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Salvage crew workers are seen in front of the capsized Costa Concordia cruise liner after the start of the "parbuckling" operation outside Giglio harbour September 16, 2013. Engineering teams began lifting the wrecked liner upright on Monday, the start of one of the most complex and costly maritime salvage operations ever attempted. The operation will see the ship rotated by a series of cranes and hydraulic machines, pulling the hulk from above and below and slowly twisting it upright. (TONY GENTILE/Reuters)
Salvage crew workers are seen in front of the capsized Costa Concordia cruise liner after the start of the "parbuckling" operation outside Giglio harbour September 16, 2013. Engineering teams began lifting the wrecked liner upright on Monday, the start of one of the most complex and costly maritime salvage operations ever attempted. The operation will see the ship rotated by a series of cranes and hydraulic machines, pulling the hulk from above and below and slowly twisting it upright. (TONY GENTILE/Reuters)

Salvage crews work to set crippled Costa Concordia upright Add to ...

The Costa Concordia was dislodged from the subsea reef that impaled it 20 months ago, allowing the residents of the small Tuscan island of Giglio to finally contemplate lives without the grim daily reminder of the tragedy that killed 32 passengers and turned their lives upside down.

By early Tuesday morning, the 290-metre-long cruise liner was well on its way to being set vertical in an unprecedented salvage effort that consumed almost 30,000 tons of steel – four times the weight of the Eiffel Tower. It has cost about $825-million and dominated the lives of 500 salvage workers for well more than a year.

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While a technical glitch and slower than forecast tilting speed meant that the delicate operation would continue until at least 4 a.m. Tuesday, the salvage officials were confident they were en route to success. “We don’t see anything to worry about,” Sergio Girotto, the project manager for Microperi, the Italian nautical engineering firm, said Monday afternoon.

Many of the 1,000 or so residents of Giglio came out to watch the ship’s rotation, known as parbuckling, a 19th-century term that means sling. The “sling” in this case was composed of 56 thick chains, each weighing 26 tons, attached to powerful jacks that every so slowly moved the 114,000-ton ship upright.

Some of the residents, and a few “disaster” tourists, carried cameras and binoculars. Many of them climbed the steep hills behind the wreck to get a panoramic view of the salvage effort and the flotilla of small ships, ranging from an Italian navy patrol vessel to work barges, that surrounded the Costa Concordia like pilot fish.

Leo Bartoli, 74, a retired stonemason, and his wife, Maria Cavero, watched the salvage from the cliff smack in front of their house. Every time he ventures outdoors and peers over the edge, Mr. Bartoli gets angry at Francesco Schettino, the man captaining the liner at the time of the disaster. “I think the captain should be in prison,” he said. “I think this every day.”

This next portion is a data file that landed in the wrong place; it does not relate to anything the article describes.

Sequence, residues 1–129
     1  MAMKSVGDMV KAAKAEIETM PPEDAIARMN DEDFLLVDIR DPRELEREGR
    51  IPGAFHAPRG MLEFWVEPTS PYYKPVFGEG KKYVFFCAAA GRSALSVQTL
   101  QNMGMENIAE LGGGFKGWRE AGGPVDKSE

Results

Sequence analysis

He and his wife are still haunted by the night of Jan. 13, 2012, when the Costa Concordia veered too close to shore, struck an underwater reef, turned 180 degrees and went crashing into another reef just off the Giglio coast, only a few hundred metres from the island’s main harbour. Mr. Schettino abandoned the ship ahead of some of the 4,200 passengers and crew and is on trial for involuntary manslaughter.

“Through my binoculars, I saw the passengers with their lifejackets on the boat and in the water, screaming,” Ms. Cavero said. “Later, a German passenger still wearing his lifejacket walked up the road next to us. He kept saying ‘Hotel, hotel, hotel.’ His wife and children were in the port and he was looking for a hotel for them.”

Like her husband, she thinks Mr. Schettino is an embarrassment to Italy. “The captain should always be the last off the ship,” she said. “The blame should go to him.”

Many, perhaps most, of the islanders can’t wait for the Costa Concordia to disappear. After it’s salvage, flotation tanks are to be fitted to its starboard side – the port-side tanks are already in place – and it is to be towed to a scrap yard somewhere in Italy, one that is capable of handling its vast size. The Costa Concordia’s last voyage is to be made in a few months.

The islanders want it gone, not just because its presence reminds them of the tragedy – two bodies of missing passengers thought to be trapped under the hull had yet to be recovered by Monday night – but because the disaster wrecked the slow pace of life on the island. Out went the regulator tourists. In came the day tripper disaster tourists and the hundreds of workers, ranging from welders to scuba divers. “It’s a casino here,” said Maurizio Pini, the beefy barista who works a cafe in the hilltop town of Castello. “Our lives used to be tranquil.”

To be sure, not all the islanders are happy about the upcoming disappearance of the ship. Sergio Roncolini, the tattooed owner of L’Archetto restaurant overlooking Giglio’s harbour, said business has been good since the ship crashed – his is one of the few restaurants that stays open year-round.

As night fell on Monday, the Costa Concordia was bathed in floodlights as salvage master Nick Sloane of South Africa and his team of technicians guided the monster vessel to the upright position in an agonizingly slow process. As it came close to vertical, it looked, from a distance, like the party cruise liner it was in the moments before it smashed into Giglio’s reefs.

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